The Boxer Rebellion occurred when a conservative nationalist government took power in China in 1898 and prompted the Boxers, a secret society with anti-Christian sentiments, to rebel against the presence of Westerners in the country. The Boxers were generally anti-foreigner but focused particularly on Chinese Christians and Christian missionaries.
The Boxers (Yihequan or "Righteous and Harmonious Fists") were a secret society that got their name from practicing boxing rituals that they believed made them impervious to weapons. By 1898, they had a significant presence in the northern provinces of China. In that same year, the empress dowager Cixi staged a military coup in response to plans by the emperor to strongly westernize China's economy and educational system. The new conservative government legitimized the Boxers by naming them as local militias in the Shangdong province and giving them some measure of official power.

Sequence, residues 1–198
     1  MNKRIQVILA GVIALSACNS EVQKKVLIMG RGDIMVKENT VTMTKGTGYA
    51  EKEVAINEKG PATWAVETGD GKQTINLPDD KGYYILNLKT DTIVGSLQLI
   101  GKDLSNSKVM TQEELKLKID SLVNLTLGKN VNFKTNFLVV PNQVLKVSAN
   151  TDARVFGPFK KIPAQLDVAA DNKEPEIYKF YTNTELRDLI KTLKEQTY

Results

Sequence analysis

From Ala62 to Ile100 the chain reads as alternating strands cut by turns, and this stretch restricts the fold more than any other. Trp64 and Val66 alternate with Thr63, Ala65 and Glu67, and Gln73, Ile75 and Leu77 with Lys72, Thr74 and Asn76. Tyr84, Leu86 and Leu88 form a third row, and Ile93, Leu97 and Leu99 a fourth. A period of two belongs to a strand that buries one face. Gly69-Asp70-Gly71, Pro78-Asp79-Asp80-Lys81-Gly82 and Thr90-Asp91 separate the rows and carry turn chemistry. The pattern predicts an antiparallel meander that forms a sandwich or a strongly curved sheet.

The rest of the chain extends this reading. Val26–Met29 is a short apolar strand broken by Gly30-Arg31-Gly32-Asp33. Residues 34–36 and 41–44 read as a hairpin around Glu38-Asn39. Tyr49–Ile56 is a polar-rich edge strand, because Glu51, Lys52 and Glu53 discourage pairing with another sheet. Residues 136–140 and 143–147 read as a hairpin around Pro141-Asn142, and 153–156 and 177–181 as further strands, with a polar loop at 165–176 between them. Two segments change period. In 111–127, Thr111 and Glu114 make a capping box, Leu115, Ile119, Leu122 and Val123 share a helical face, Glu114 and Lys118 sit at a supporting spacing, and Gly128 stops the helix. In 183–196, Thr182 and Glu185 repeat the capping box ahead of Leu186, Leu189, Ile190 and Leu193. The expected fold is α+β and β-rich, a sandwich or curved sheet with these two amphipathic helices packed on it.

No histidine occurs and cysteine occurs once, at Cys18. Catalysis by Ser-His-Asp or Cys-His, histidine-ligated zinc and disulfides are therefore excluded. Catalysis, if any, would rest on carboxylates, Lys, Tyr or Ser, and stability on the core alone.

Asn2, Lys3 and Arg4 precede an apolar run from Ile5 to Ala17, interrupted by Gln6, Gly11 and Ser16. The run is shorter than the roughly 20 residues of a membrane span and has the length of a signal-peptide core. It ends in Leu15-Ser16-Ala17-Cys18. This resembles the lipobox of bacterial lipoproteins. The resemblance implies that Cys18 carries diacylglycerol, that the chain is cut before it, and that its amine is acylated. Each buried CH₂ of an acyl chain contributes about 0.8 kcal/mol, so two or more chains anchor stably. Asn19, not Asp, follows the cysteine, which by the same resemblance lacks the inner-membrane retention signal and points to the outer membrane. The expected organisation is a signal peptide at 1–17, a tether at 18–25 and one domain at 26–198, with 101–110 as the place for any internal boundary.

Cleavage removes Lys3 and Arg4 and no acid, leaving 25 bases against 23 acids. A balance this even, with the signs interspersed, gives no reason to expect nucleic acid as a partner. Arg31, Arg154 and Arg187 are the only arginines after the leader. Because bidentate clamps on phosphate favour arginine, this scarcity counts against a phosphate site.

Over the next two years the Boxers openly attacked missionaries and Chinese Christians with the tacit approval of the government. An international relief force attempted to enter Beijing in response to this in 1900. Imperial forces turned this force away while the Boxers killed Christians and burned churches and foreign residences in the city. The international relief force then took forts on the coast by force to gain access to Beijing, prompting Cixi to order all foreigners killed. The rebellion ended when Beijing was captured by international forces in August of 1900.